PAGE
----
After the 1965 triumph, Ghana hosted and won the 13th Africa Cup of Nations in 1978, and four years later, won it again in Tripoli, Libya. The team have won the Africa Cup of Nations four times (in 1963, 1965, 1978, and 1982), making Ghana the second most successful team in the contest's history, along with Cameroon.

Although the team did not qualify for the senior FIFA World Cup until 2006, Ghana has enjoyed tremendous success at the youth level, winning the FIFA World Under-17 title twice and finishing runner-up twice. Ghana has also finished second at the FIFA World Youth Championship twice.

Ghana became the first African country to win a medal in Football at the 1992 Summer Olympics.

In 2009, Ghana became the first African country to win the U-20 FIFA World cup by defeating Brazil.[16]

With regard to women's football, the Ghana Black Queens have participated in two World Cup tournaments and the Olympic Games. They have also been runners-up to the Falcons of Nigeria in the Africa Cup of Nations series.

Ghana last hosted the African Cup of Nations Tournament in January 2008.

Ghana qualified for the African Cup of Nations Tournament in January 2017 after finishing top of Group H in the qualifying stages.[17]

Presidents

President Tenure of office
Mr. Ohene Djan 1957-60
Mr. H. P. Nyemitei 1960-66
Nana Fredua Mensah 1966-70
Mr. Henry Djaba 1970-72
Maj. Gen. R. E. A. Kotei 1972-73
Col. Brew-Graves 1973-75
Maj. George Lamptey 1975-77
Maj. D. O. Asiamah 1977-79
Mr. I. R. Aboagye 1979
Mr. Samuel Okyere 1979-80
Mr. S. K. Mainoo 1980-82
Mr. Zac Bentum 1982-83
Mr. L. Ackah-Yensu 1983-84
Mr. L. T. K. Caesar 1984
Mr. E. O. Teye 1984-86
Mr. Samuel Okyere 1986-90
Mr. Awuah Nyamekye 1990-92
Mr. Joe Lartey 1992-93
Mr. Samuel Brew-Butler 1993-97
Alhaji M. N. D. Jawula 1997-2001
Mr. Ben Koufie 2001-03
Dr. N. Nyaho-Tamakloe 2004-05
Mr. Kwesi Nyantakyi 2005-2018
Mr. Kurt Okraku 2019-present

Disciplinary Committee

  • Frank Davis - (Director)
  • Amadu Tanko - (Judge)
  • Alhaji Sannie Mahama
  • Justice Anim Yeboah
  • Emmanuel Gyimah - (General Secretary)
  • Kweku Ampim Darko - (Deputy General Secretary)
  • Kwame Ntow-Fianko - (CEO of Division One League)
  • Atta Akyea - (Owner of Tudu Mighty Jets FC)
  • Jordan Anagbla - (Chairman of the Black Satellites)
  • Edward Bawa - (Administrative Officer)
  • Fred Pappoe - (Management committee chairman / Vice President)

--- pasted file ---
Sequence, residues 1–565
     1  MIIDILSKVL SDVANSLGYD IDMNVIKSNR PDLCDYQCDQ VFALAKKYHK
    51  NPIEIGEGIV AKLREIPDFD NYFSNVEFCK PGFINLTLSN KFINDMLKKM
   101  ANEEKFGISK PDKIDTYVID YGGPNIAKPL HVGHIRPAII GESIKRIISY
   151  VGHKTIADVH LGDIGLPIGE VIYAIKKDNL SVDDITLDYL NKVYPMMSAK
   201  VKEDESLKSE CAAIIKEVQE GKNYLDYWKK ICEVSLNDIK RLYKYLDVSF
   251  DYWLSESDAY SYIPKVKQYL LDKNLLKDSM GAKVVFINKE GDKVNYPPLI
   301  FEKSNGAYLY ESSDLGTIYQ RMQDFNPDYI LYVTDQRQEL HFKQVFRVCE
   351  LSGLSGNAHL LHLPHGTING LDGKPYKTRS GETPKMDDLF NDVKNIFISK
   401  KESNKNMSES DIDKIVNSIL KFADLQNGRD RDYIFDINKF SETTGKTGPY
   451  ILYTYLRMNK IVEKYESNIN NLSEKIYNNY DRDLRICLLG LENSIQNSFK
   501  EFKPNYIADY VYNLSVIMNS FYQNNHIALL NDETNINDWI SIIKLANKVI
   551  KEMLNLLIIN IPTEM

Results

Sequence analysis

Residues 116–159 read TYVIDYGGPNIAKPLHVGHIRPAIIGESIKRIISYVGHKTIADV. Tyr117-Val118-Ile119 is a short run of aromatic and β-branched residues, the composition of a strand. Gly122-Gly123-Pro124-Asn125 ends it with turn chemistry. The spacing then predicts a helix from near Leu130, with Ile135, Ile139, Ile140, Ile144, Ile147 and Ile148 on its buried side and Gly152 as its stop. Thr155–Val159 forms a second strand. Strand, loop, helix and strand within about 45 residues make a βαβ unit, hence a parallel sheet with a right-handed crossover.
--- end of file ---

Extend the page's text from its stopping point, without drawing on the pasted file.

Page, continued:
Match-fixing allegations

An undercover investigation led by The Telegraph and Channel 4 accused Kwesi Nyantaky and other officials of the Ghana Federation of match-fixing. According to this information, the accusations involve just the international friendlies - thus, the World Cup matches wouldn't be affected by the suspicions.[18] Kwesi Nyantakyi denied the match fixing allegations, saying: "the report of the newspaper or the media house is entirely not accurate." and "There is really no cause for alarm as far as I am concerned, because nothing untoward has happened involving me or the Federation".[19]

References

  1. ^ a b c CAF and FIFA, 50 years of African football - the DVD, 2009, Ghana Correspondence 18 June 1963. "MEMBERSHIP OF AFRICAN FOOTBALL CONFEDERATION: I refer to your letter No.RC/Vr of 22 March 1963, and inform you that my Association has been a member of the African Football Confederation since December 1960."
  2. ^ a b "Southern Times-The Politics of Soccer How Kwame Nkrumah built a team of winners". Southerntimesafrica.com. Archived from the original on 10 December 2013. Retrieved 2013.
  3. ^ "Ghana Football Association signs 15-million US dollar sponsorship deal with Oil Company - Xinhua | English.news.cn". News.xinhuanet.com. 5 January 2013. Archived from the original on 26 November 2013. Retrieved 2013.
  4. ^ a b "Breaking News: President Akufo-Addo dissolves GFA". www.myjoyonline.com. Archived from the original on 12 June 2018. Retrieved 2018.
  5. ^ "Kurt Okraku is new Ghana FA president". www.myjoyonline.com. Retrieved 2019.
  6. ^ 122108447901948 (5 November 2019). "Mark Addo is new Vice President of GFA". Graphic Online. Retrieved 2019.CS1 maint: numeric names: authors list (link)
  7. ^ "GFA Elections: Kurt Okraku elected President - as it happened". www.myjoyonline.com. Retrieved 2020.
  8. ^ "Nana Aba Anamoah, Rosalind Amoh gets GFA appointment". ghananewsagency.org. Retrieved 2020.
  9. ^ 122108447901948 (2 January 2020). "GFA appoints Prosper Harrison Addo as General Secretary". Graphic Online. Retrieved 2020.CS1 maint: numeric names: authors list (link)
  10. ^ "Plans underway to restructure national teams - GFA". www.myjoyonline.com. Retrieved 2020.
  11. ^ "Ghana has not been competitive - Kurt Okraku explains Kwesi Appiah axing". www.myjoyonline.com. Retrieved 2020.
  12. ^ 122108447901948 (1 January 2020). "Mercy Tagoe named as Black Queens coach". Graphic Online. Retrieved 2020.CS1 maint: numeric names: authors list (link)
  13. ^ 122108447901948 (1 January 2020). "Black Stars: CK Akonnor named Head Coach of Ghana". Graphic Online. Retrieved 2020.CS1 maint: numeric names: authors list (link)
  14. ^ Association, Ghana Football. "Alex Asante heads newly established GFA National Teams Department". www.ghanafa.org. Retrieved 2020.
  15. ^ "CAS throws out Osei Palmer's appeal against Ghana Football Association | Goal.com". www.goal.com. Retrieved 2020.
  16. ^ "Today in History: Ghana beat Brazil with 10 men to win FIFA U-20 World Cup". www.ghanaweb.com. Retrieved 2019.
  17. ^ "Afcon 2017: Nations Cup prepares for kick off". BBC Sport. 1 January 2017. Archived from the original on 7 January 2019. Retrieved 2019.
  18. ^ "Football match-fixing: Ghana deal casts cloud over World Cup finals in Brazil". The Telegraph. Archived from the original on 23 June 2014. Retrieved 2014.
  19. ^ "Nyantakyi denies agreeing match fixing contract". Ghana Football Federation. Archived from the original on 25 June 2014. Retrieved 2014.

External links


  This article uses material from the Wikipedia page available here. It is released under the Creative Commons Attribution-Share-Alike License 3.0.